South Africa Immigrant Attacks
Themba Hadebe  /  AP
Immigrants line up for meals at a community halls outside Johannesburg on Friday. Thousands forced from their homes by anti-foreigner violence in South Africa are now threatened by disease in makeshift camps, aid workers said.
updated 5/23/2008 8:04:47 PM ET 2008-05-24T00:04:47

Thousands forced from their homes by anti-foreigner violence in South Africa are now reportedly threatened by disease in makeshift camps, and some immigrants said Friday they felt safer hiding in open fields.

Neighboring Mozambique, meanwhile, declared a state of emergency to free government funds for citizens fleeing attacks. South African police reported sporadic violence — but no deaths — across the country Friday, leaving scores more homeless.

At least 42 people have been killed and more than 25,000 foreigners displaced since attacks began earlier this month by South Africans who blame immigrants for crime and unemployment. More than 500 arrests have been made.

The situation in and around Johannesburg, where the worst violence broke out, was calmer Friday. But aid workers say there are now fears about the spread of disease among the thousands who have taken shelter from the winter cold at police stations, churches and other temporary camps.

Cape Town police spokesman Billy Jones said about 400 people had sought shelter on a motor racetrack after 12 people were injured in overnight attacks on an informal settlement in Cape Town.

"The area is quiet now but we are maintaining a visible presence," he said, adding that many of the displaced had been moved to various community centers and town halls.

Medical concerns surface
Bianca Tolboom, a nurse with the international aid organization Medecins Sans Frontieres, said camps were overcrowded and there was concern about access to clean drinking water.

"Some people have been staying in the open air with not sufficient blankets, so now the main medical concerns are respiratory tract infections and diarrhea," she said.

In Zandspruit, a dusty township in northern Johannesburg, a group of Malawians gathered to discuss whether to flee to the nearest police station, or spend another cold night hiding in the bushes near their homes.

The Malawians had heard rumors about the police station: that their belongings would be stolen, that they'd have to bribe police for protection, that they'd be deported.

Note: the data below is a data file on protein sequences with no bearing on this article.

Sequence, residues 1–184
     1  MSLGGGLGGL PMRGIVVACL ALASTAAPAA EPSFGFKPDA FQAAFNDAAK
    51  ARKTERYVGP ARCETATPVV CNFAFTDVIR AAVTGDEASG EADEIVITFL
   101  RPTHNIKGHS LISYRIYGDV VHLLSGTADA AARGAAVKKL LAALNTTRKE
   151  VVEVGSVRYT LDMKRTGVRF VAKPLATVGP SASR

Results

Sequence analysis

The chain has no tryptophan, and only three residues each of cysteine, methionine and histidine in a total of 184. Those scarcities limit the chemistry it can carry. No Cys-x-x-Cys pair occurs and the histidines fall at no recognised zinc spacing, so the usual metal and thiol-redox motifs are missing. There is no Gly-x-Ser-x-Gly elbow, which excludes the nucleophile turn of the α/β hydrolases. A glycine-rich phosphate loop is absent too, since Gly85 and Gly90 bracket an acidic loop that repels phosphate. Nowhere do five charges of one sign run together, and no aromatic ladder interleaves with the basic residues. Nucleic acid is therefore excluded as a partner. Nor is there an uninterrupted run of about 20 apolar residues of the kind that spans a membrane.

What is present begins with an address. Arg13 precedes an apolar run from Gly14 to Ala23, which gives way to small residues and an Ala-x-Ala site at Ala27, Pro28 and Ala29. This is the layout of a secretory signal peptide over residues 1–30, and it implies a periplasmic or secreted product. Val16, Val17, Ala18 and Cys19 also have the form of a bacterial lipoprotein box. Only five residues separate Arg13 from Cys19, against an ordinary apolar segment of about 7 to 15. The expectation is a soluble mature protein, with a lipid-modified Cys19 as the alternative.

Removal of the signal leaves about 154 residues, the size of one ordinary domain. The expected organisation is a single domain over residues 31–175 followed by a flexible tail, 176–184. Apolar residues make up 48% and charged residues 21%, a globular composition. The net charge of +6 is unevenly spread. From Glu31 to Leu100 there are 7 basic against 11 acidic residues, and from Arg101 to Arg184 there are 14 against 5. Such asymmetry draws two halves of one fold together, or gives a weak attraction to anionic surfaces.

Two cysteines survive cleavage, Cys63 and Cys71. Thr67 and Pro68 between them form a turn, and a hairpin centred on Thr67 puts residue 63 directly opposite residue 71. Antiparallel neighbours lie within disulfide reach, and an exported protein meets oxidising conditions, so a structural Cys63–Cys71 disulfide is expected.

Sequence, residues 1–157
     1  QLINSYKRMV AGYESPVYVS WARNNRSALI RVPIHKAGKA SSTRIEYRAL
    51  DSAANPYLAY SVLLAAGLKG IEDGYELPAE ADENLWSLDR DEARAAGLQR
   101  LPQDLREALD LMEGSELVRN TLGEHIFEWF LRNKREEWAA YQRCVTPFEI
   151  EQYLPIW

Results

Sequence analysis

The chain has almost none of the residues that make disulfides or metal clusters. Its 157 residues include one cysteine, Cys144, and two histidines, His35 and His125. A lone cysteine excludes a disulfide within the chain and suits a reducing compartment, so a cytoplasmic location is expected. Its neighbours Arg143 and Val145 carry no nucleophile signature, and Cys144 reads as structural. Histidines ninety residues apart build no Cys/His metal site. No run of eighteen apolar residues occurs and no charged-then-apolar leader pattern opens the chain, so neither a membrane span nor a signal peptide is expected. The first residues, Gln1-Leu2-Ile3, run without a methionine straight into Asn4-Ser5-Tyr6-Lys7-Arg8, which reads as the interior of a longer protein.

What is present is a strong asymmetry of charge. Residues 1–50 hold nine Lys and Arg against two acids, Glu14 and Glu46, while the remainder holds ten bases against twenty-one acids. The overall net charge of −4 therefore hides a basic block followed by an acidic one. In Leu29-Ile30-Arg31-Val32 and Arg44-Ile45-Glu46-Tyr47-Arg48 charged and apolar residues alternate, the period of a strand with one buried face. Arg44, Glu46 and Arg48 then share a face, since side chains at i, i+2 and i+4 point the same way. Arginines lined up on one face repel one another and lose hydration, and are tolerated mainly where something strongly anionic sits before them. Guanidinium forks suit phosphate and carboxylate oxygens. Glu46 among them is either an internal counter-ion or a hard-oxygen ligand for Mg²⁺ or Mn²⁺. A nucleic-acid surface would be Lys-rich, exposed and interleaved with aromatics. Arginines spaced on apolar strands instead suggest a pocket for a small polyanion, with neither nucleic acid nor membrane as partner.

As a military helicopter flew overhead, they decided to spend another night muffling their babies' cries in the bushes. They put their faith in another rumor: that military troops, which they hadn't yet seen, would keep them safe.

Thabo Masebe, spokesman for Gauteng province, which includes Johannesburg, said authorities were identifying land where tents could be erected as temporary shelters.

Mozambique issues state of emergency
Predicting an escalating "exodus," Mozambique Foreign Minister Oldemiro Baloi said the state of emergency had been declared Thursday night as thousands of Mozambicans flooded across the border.

Baloi said about 10,000 people had returned on their own while 620 people arrived in the Mozambican capital Thursday in buses arranged by the consulate in Johannesburg.

The Mozambican government has released money and aid to help those returning. They are being assisted with transport to their home towns as well as clothes, food, blankets and basic cooking implements.

Siobhan McCarthy, spokeswoman for the South African Department of Home Affairs, said traffic was increasing at the borders with Mozambique and Zimbabwe. There have also been reports of buses leaving for Malawi.

On Friday, the United Nations refugee agency expressed concern at the attacks and the plight of affected Zimbabweans.

Tanzanian President Jakaya Kikwete, also chairman of the African Union, expressed dismay at the attacks during a mini-summit in Arusha, Tanzania.

"The general feeling of the summit was of shock and disbelief with the current assaults and killings carried out indiscriminately against foreigners in some parts of South Africa," he said at a news conference. However, he said he was reassured by steps taken by the South African government.

The South African police and the National Prosecuting Authority said in a joint statement Friday that cases will be brought to court as soon as possible.

The prosecuting authority condemned the attacks as "unacceptable and violent," and said it "trusts the courts will deal with these cases with the full might of the law, to send a strong message that condemns this criminal behavior."

However, Human Rights Watch said courts have already dropped several cases because of a lack of evidence and called on South Africa not to deport any victims while their cases are pending.

Many of the victims do not possess correct documentation and are hesitant to participate in the justice process for fear of arrest or deportation, the New York-based organization said in a statement.

"For justice to prevail, South Africa should protect these victims, whose testimony is crucial in bringing their attackers to justice," said Georgette Gagnon, the organization's Africa director. "Deporting the victims will send a clear message that xenophobic violence is above the rule of law."

Copyright 2008 The Associated Press. All rights reserved. This material may not be published, broadcast, rewritten or redistributed.

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